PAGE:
Their search for love and romance ended with cruelty and crime.
The victims of these vile criminals did not discover the men they met online were not all they seemed, until it was too late.
Dating apps and websites are now more popular than ever, with thousands of couples finding love after setting-up a profile every year.
Last week popular match-making app Plenty of Fish called time on users who present a false image of themselves by banning the use of photo filters so that singles can get a more accurate impression of the strangers they might be meeting.
But tragically, the deception of some online daters goes far beyond a few unrealistically flattering profile pictures.
And today as we take a look at some of the North East criminals that made dating sites their hunting grounds, Northumbria Police has revealed how it now had to set up a series of specialist teams to deal with the types of cyber crimes that can flourish on dating apps.
A spokeswoman said: “As a force we understand that crime trends are constantly adapting due to technological advancements. We are proud to have a new Cyber Prevent Team, a dedicated Paedophile Online Investigation Team (POLIT) and a Domestic Abuse, Cyber Stalking and Harassment Team (DASCH) who all work hard to investigate cyber-enabled crimes and bring perpetrators to justice.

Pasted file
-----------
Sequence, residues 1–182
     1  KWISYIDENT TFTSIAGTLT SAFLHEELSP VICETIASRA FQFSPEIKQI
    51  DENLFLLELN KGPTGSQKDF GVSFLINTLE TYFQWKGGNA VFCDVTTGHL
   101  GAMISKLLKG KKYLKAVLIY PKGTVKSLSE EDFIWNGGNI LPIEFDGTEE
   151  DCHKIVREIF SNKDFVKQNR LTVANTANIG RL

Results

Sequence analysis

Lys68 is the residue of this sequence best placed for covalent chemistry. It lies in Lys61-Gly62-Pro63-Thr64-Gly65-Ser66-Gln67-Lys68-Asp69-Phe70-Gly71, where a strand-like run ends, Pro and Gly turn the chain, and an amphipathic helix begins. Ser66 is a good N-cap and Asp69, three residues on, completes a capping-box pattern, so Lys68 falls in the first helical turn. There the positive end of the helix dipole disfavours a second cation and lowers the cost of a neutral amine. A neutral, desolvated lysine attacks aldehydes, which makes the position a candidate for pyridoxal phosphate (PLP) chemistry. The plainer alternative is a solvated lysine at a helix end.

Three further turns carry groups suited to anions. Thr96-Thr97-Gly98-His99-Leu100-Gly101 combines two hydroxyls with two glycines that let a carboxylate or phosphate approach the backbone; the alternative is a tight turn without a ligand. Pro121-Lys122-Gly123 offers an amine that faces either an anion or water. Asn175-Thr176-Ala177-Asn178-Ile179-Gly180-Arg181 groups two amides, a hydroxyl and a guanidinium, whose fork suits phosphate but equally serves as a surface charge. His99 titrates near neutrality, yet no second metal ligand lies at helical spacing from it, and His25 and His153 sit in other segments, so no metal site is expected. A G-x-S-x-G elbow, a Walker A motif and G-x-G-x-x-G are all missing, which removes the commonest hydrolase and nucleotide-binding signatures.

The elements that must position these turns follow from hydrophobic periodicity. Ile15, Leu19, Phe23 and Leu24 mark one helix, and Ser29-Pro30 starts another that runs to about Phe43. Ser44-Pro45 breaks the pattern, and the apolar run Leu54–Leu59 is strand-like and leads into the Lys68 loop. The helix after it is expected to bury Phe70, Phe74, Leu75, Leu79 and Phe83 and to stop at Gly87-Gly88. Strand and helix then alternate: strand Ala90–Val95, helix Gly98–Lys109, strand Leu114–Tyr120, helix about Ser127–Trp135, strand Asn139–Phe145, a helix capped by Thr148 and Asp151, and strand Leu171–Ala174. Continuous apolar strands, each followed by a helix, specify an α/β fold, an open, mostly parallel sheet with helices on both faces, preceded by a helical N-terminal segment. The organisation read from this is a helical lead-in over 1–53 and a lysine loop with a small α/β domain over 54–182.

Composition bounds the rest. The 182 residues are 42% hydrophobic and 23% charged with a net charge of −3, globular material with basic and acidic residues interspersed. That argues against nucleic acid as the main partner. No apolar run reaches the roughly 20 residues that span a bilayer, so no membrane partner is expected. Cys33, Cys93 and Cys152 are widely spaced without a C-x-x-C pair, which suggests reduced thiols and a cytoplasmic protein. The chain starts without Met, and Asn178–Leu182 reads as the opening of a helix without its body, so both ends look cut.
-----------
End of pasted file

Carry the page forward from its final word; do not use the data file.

“However, anyone can find themselves in a vulnerable position regardless of how a relationship began, whether that is online or in person.
“In any circumstances, if someone falls victim to a crime we would encourage them to contact police to get the support they need.”
And Det Sgt Peter Booth from Northumbria Police’s Cyber Prevent team has warned those looking for love to beware of an emerging crime police are now calling ‘romance fraud’, in which criminals target those seeking a relationship and then fleece them.
He said: “Romance fraud is a cruel and humiliating offence where victims are made to believe they are speaking with someone who is interested in having a relationship, but they are actually being coerced into handing over personal information, cash and other valuables.